Coca-Cola Beverages Africa, the bottling joint venture between the U.S. soft-drink maker and brewer SABMiller Plc, may close South African plants and see profit more than halve if the government pushes ahead with a proposed sugar tax.
South Africa’s National Treasury last month recommended a levy on sugar-sweetened beverages that would generate almost 11 billion rand ($813 million) in government revenue, based on 2012 consumption data cited in the policy paper. The charge is aimed at reducing consumption of sugar and encouraging producers and suppliers to cut the sugar content of their drinks, according to the government.
The newly created bottler’s volumes in South Africa would probably drop by at least 25 percent if the tax were implemented as proposed, based on calculations using government assumptions, according to Velaphi Ratshefola, the managing director of Coca-Cola Beverages South Africa and chairman of the Beverage Association of South Africa, an industry lobby group. Smaller producers could shutter operations altogether, he said.
“Our profit will more than half,’’ Ratshefola said in an interview at Bloomberg’s Johannesburg office on Friday. If the tax goes ahead, CCBA would struggle to keep to an agreement with the government to keep employee levels steady for three years, he said.
Claims of job losses are “mere speculation’’ at this stage of the process, National Treasury spokeswoman Phumza Macanda said in an e-mailed response to questions. The Treasury has set a deadline of Monday for comments on the draft policy paper, after which it will hold a consultation process, she said. The levy is 2.29 South African cents per gram of sugar.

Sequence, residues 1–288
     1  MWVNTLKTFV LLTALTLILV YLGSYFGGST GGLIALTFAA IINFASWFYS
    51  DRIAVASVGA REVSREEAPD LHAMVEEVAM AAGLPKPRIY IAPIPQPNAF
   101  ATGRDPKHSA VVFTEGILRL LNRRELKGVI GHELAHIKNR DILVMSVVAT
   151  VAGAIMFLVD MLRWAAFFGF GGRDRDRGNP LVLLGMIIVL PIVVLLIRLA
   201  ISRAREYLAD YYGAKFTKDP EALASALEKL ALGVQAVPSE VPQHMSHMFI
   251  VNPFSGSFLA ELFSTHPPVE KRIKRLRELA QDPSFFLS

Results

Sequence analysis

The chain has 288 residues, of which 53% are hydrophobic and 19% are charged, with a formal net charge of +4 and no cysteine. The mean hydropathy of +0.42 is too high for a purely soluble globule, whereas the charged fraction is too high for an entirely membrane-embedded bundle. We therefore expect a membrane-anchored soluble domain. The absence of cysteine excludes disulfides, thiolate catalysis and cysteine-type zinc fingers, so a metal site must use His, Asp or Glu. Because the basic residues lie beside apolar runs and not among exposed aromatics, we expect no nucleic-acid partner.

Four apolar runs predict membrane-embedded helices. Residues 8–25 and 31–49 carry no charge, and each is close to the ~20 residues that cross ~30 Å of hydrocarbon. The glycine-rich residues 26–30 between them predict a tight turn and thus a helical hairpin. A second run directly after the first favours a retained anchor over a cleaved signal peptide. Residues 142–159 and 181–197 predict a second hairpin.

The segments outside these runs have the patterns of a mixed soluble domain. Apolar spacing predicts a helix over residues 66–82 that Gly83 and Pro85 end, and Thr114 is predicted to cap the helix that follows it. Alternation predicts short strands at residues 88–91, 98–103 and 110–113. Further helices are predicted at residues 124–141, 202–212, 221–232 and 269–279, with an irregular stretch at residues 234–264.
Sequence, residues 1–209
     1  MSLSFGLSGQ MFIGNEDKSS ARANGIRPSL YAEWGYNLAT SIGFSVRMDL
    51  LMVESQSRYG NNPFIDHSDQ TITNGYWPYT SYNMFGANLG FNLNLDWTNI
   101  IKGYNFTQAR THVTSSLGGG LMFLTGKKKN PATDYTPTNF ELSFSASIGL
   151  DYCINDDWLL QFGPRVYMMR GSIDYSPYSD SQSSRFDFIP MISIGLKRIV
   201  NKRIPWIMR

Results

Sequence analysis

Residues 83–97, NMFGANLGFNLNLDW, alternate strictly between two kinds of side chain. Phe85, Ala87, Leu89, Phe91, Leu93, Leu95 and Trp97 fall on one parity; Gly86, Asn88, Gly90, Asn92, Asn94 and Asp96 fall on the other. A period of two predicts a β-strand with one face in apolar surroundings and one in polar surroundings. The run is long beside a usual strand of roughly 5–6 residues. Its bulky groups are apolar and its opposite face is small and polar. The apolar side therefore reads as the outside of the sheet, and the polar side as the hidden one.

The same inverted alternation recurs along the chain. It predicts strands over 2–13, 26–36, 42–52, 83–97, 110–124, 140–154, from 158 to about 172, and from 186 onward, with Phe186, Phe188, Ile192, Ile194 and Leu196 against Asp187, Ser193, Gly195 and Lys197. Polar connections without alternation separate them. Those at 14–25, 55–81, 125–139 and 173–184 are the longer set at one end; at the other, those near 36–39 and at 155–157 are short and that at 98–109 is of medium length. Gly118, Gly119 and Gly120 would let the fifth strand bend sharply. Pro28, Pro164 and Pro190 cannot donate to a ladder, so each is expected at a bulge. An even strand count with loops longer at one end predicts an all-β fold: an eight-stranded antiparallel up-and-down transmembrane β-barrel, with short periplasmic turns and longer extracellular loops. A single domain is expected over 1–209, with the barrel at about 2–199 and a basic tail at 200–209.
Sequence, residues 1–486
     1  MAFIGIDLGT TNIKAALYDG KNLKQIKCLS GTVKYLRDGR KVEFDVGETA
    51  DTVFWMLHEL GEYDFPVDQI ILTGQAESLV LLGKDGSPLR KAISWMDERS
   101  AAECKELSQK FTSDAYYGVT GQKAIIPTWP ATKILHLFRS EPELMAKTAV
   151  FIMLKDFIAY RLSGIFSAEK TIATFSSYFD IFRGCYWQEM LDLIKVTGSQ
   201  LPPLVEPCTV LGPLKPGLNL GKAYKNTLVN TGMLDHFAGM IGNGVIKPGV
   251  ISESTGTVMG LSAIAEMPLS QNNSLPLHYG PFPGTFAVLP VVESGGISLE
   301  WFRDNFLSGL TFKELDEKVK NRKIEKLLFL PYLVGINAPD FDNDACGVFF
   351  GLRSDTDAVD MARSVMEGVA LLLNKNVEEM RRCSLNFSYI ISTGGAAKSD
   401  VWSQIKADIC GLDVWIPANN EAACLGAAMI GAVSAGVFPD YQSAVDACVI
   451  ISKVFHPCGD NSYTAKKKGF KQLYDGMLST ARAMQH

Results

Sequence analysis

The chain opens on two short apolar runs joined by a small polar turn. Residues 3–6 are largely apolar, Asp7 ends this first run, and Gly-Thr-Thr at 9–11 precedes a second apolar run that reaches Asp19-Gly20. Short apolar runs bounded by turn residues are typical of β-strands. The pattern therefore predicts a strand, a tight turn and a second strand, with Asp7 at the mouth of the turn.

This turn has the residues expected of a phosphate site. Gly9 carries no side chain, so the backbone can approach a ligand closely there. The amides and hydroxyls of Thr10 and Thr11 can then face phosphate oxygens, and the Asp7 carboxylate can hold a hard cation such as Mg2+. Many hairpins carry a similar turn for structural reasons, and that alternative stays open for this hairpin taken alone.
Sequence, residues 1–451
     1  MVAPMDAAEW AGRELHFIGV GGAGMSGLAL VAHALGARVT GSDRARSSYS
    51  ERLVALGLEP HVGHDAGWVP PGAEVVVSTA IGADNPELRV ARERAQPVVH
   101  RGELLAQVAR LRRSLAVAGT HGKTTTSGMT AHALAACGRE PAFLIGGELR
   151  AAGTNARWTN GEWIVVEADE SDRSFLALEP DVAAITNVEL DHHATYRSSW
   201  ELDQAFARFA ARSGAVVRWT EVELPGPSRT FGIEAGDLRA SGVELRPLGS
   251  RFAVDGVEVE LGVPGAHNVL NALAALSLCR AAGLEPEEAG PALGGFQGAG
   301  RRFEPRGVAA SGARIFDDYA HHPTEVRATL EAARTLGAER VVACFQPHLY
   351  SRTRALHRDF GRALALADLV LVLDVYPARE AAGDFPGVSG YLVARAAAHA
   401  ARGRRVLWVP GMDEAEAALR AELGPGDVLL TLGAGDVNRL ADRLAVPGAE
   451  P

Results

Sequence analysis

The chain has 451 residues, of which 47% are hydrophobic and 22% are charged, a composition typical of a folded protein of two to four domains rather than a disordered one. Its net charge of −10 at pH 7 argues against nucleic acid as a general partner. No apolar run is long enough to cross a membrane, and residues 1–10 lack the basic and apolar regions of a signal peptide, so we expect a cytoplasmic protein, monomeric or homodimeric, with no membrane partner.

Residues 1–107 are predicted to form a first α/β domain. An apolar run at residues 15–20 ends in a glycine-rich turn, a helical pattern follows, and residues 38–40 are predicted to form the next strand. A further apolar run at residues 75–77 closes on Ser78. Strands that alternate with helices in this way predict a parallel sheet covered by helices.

“The industry should not jeopardize constructive engagement on this issue by resorting to scare tactics,” she said. “It’s universally accepted that sugar consumption has negative health consequences.”
The industry argues that the tax is discriminatory because sugar-sweetened drinks only contribute 3 percent, according to Ratshefola –- of South Africans’ daily caloric intake. While obesity and sugar consumption are issues that should be dealt with, the industry could work with government to find other ways to tackle them, he said. The study includes people who don’t drink sugar-sweetened beverages. For those who do, the proportion of daily calories could be higher, he said.
Almost 27 percent of South Africans older than 15 are obese, according to data published by the Organisation for Economic Cooperation and Development. That’s the sixth-highest rate among 41 countries tracked by the OECD. It’s also the highest of the emerging markets in the group after Mexico, which introduced a tax on sugar-sweetened drinks in 2014.
South Africans’ consumption of sugar through processed foods and soft drinks has increased by 33 percent since 1994 and the country consumes about three times more Coca-Cola products than the global average, according to Lisa-Claire Ronquest-Ross, a researcher at the Department of Food Science at Stellenbosch University.
“The high prevalence of soft drink consumption is concerning in terms of its association with obesity and non-communicable diseases,” she said in an e-mailed response to questions.
In addition to possible company closures and job cuts, the beverage industry estimates that as many as 15,000 informal convenience stores, known as spaza shops, could close as a result of the tax, which would be the highest of its kind in the world, Ratshefola said. The vendors rely heavily on the sales of soft drinks, he said. Those shops on average employ 2 people, he said.
SABMiller holds 57 percent of CCBA, while Atlanta-based Coca-Cola Co. owns 11.3 percent. The balance is controlled by the Gutsche family, which was the majority owner of Coca-Cola’s former bottling partner in South Africa. The parties agreed with the government in May to keep employment at current levels for three years to secure approval for the merger, which was first announced in 2014. Other conditions included the creation of two development funds — one for the agriculture industry and the other for retail and distribution — worth a combined 800 million rand.
“If this tax were to be implemented there’s no way I could afford to keep the number of employees like that for three years,” Ratshefola said. “This tax legislation works completely opposite to what we negotiated.”